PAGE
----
Star Wars Jedi: Fallen Order (PS4, XBO, PC)

This is it, Warsies – good, Star Wars Jedi: Fallen Order actually is. Here’s the basic gist: you play as Cal, a Padawan on the run from the Empire after revealing his fondness for the force by trying to be a stand-up guy and save the life of his friend.

But once things hit the proverbial fan and you’re off and running, the game becomes an interesting amalgamation of other popular titles. You’ll be clambering around uncovering environmental puzzles like Uncharted, progressing your skill tree like any classic RPG and fighting tough-as-nails foes akin to Sekiro.

While this means Fallen Order doesn’t necessarily possess its own unique identity, it still presents an utterly unique Star Wars experience with zero midi-cloirnains in sight). This is especially noticeable in combat, where unlike 2008’s The Force Unleashed, you cannot mindlessly hack and slash your way to victory.

Cal possesses a sense of frailty, meaning fights with your lightsaber are more considered, and present the best attempt at replicating tense encounters from the movies so far.

Play

That’s not to say the game isn’t without its flaws. The respawning load times are painfully long, slowdown occasionally rears its head and trying to make some perilous jumps, especially grabbing a hold of ropes, may have you wanting to turn to the dark side.

Still, what we’re trying to say is that Fallen Order is a surprise hit that should be played by action game and Star Wars fans alike. Support it and hopefully we’ll get a few sequels.

 

Death Stranding (PS4)

Claiming Death Stranding is unlike anything else we’ve ever played before might sound incredibly wanky (case in point: a pee mechanic), but it’s honestly the best way to describe it, and it’s also likely to turn most people off a result.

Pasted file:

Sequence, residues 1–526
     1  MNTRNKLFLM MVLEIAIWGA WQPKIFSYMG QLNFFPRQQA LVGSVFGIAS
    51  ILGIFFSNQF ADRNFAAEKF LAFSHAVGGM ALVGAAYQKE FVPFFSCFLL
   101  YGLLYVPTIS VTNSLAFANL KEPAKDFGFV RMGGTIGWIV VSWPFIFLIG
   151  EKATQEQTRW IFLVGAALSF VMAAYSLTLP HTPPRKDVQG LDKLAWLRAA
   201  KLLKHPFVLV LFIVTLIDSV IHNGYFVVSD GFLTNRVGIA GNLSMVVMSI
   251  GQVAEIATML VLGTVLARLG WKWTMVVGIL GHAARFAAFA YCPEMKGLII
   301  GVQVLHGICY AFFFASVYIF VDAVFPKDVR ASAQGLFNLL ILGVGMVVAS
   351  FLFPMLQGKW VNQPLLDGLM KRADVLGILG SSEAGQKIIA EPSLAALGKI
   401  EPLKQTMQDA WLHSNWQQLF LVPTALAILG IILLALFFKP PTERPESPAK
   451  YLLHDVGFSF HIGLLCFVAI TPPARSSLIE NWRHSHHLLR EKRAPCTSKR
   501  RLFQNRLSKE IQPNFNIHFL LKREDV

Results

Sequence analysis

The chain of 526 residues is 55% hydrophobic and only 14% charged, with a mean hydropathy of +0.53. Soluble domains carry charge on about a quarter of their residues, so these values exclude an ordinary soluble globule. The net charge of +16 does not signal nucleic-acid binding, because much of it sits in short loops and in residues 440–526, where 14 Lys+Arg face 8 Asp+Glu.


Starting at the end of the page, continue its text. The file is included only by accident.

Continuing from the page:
Play

There’s not a whole lot of action, deep combat or traditional multiplayer. Instead you’ll spend most of your time as a pseudo Australia Post employee, delivering packages from one point to another while trying your absolute bloody best not to fall over.

It’s all in an attempt to save mankind by helping people reconnect after strange supernatural events have rocked society to it score.

Yes, this is a game absolutely dripping in self-indulgence – right up to individual songs from the soundtrack being visibly listed as they play. But it’s also strangely alluring and a wonderfully peaceful experience. If you’re looking to break away from the standard video game formula, give this one a shot. If you’re not, steer well clear.

Need for Speed Heat (PS4, XBO, PC)

Pardon the pun, but the Need for Speed series has been something of a car crash over the last few years – incredibly average movie included. Needless to say, it lost much of the appeal that helped boost it to popularity in the first place.

Heat changes that, by bringing back some of the most enjoyable elements from the series’ past to produce a smoother ride as a whole.

Play

All of the action takes place in the world of Palm City, where by day you can enter races and win money to spend on parts, but by day you’ll be going all fast and furious in illegal street races. The connection between these two elements is what makes Heat interesting, as you’ll need to succeed in both aspects to continue your progression.

We wish the game’s narrative wasn’t hammier than your next Christmas dinner, but hey, baby steps. At least the return of police pursuits adds a little bit of thrill to action, even though the coppers can become more of an impossible nuisance once you piss them off too much. Heat might not be perfect, but with a bit more of a tune-up it could return Need for Speed to the top.

Disney Classic Games: Aladdin and The Lion King (PS4, XBO, Switch, PC)

Like many Disney hits, you can probably quote the film to your grave, but had no idea a video game tie-in even existed. Thus Disney Classic Games: Aladdin and The Lion King was born – a modern-day remaster of the old school titles.

Impressively, this compilation pack features the multiple versions of each game sans one version of Aladdin (including both console and handheld), giving them all an extra shine, and providing plenty of bang for your buck.

Play

But be warned, these games will slap you into next week. Games of yesteryear didn’t pull any punches and they will make you feel absolutely shithouse. Thankfully a much-welcomed rewind feature is included if you actually want to see the credits roll without having a breakdown. But at least it’ll make you forget all about that weird Lion King reboot.